I think that one of the best aspects about becoming an entrepreneur right after finishing your studies, is that you will have a completely unbiased way of rethinking a business or process.
You will try and solve an existing problem with a radically different approach. It’s an interesting fact that Nobel Prize winners are either young, willing to look at science in a fresh new way, or much older, who had to gather a lifetime of experience to push the boundaries of their research area further. There is a huge gap observable in the middle, a gap that makes me wonder if either people become more used to thinking within the box, as they gather more experience in their field.
I do believe that our youthful ignorance can be used in our advantage and I do believe that we can have a massive impact over the world we live in by rethinking much of how the world works today. You see, I think the key is to have a good mindset at your foundation, while trusting that no matter the different variables, with
hard smart work and enough passion (or guts, or willingness, or perseverance) you can reach any goal you set your mind to.
As people we are the sum of our experiences, the gathering off all knowledge, learned or assimilated in various forms. We can all drop-out at this instant and go pursue entrepreneurship like some of the heroes if this digital age, or we can maximise the current opportunity and try to get as much experience as possible.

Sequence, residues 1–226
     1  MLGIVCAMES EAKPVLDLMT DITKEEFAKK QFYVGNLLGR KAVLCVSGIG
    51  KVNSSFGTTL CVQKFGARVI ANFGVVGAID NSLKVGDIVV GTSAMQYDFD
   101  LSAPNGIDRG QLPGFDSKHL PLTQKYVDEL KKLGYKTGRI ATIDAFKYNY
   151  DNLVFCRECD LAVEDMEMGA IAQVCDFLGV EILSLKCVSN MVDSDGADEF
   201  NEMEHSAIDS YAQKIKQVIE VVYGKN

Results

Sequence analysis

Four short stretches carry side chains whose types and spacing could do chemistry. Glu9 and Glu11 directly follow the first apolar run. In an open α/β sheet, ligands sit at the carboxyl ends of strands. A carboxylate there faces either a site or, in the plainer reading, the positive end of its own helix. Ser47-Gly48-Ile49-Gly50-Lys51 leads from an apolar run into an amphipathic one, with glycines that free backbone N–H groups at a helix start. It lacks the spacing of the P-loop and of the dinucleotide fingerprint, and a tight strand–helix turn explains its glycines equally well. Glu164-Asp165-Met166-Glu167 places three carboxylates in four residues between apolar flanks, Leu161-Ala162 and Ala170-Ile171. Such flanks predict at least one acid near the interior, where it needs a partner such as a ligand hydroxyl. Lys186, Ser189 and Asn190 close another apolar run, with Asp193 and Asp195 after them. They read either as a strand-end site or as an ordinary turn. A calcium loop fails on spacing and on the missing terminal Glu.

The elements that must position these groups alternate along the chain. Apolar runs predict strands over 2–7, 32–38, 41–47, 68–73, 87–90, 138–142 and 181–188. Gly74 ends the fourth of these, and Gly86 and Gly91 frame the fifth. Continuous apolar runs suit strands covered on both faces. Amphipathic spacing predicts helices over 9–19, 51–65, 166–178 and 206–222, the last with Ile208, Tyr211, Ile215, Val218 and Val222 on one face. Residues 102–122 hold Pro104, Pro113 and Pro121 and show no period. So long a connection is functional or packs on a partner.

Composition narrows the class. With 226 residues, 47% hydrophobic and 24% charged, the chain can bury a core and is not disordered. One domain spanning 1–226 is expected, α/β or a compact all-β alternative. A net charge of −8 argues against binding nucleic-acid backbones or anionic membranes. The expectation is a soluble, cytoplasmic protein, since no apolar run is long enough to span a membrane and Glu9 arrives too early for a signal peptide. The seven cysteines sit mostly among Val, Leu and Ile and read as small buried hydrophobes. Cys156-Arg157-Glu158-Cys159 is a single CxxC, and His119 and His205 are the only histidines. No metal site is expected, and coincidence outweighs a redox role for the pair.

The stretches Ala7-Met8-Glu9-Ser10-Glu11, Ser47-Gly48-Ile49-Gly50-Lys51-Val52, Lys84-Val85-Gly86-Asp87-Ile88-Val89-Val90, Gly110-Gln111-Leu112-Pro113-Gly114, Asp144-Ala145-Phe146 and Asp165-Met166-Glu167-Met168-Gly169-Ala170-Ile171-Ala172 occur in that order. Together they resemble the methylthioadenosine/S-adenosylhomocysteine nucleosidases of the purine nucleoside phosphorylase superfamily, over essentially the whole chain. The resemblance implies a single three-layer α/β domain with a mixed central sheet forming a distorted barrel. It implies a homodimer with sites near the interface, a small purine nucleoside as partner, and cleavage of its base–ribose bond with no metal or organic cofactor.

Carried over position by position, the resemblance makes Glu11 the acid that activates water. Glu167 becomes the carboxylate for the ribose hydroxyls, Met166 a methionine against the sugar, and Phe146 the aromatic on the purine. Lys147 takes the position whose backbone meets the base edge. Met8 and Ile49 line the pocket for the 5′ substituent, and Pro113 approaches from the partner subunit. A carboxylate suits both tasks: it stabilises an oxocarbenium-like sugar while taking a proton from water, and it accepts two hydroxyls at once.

Next time we meet, let’s discuss books, not politics or news. Books, as they might lay the foundation to a mindset of change, a mindset of the future.
ps: Mindset is important, but also execution. So you will see that half of these books will also show you HOW to get things done.
by Jason Fried and David Heinemeier Hansson
For us students who are soon to enter the workforce ranks with a fresh clean slate and no assumptions about business as usual, it can become a bit stressful, right? This book takes a lot of those assumptions people have regarding companies & how they should work and demolishes them one by one. This is a great book to start with it’s pretty straight forward, light reading and it’s very captivating with short chapters and straight to the point.
by Jason Fried and David Heinemeier Hansson
One of the author is a famous danish programmer behind the very popular programming language called Ruby on rails and the company 37Signals. The book is destroying the myth that you need to be in the office, that people don’t work good enough from home, that people are more productive if they work in the same building facing each other.
Zero to One
by Peter Thiel
Based on a famous Stanford class, this book is about how building global companies aim to reach a state of monopoly in their market. Peter Thiel argues why ambition is important and how the growth mindset will set you apart. This coming from one of the most interesting venture capitalists, the founder of PayPal and a big influencer for Elon Musk.
Exponential Organizations: Why New Organizations Are Ten Times Better, Faster, and Cheaper Than Yours (and What to Do about It)
by Michael S. Malone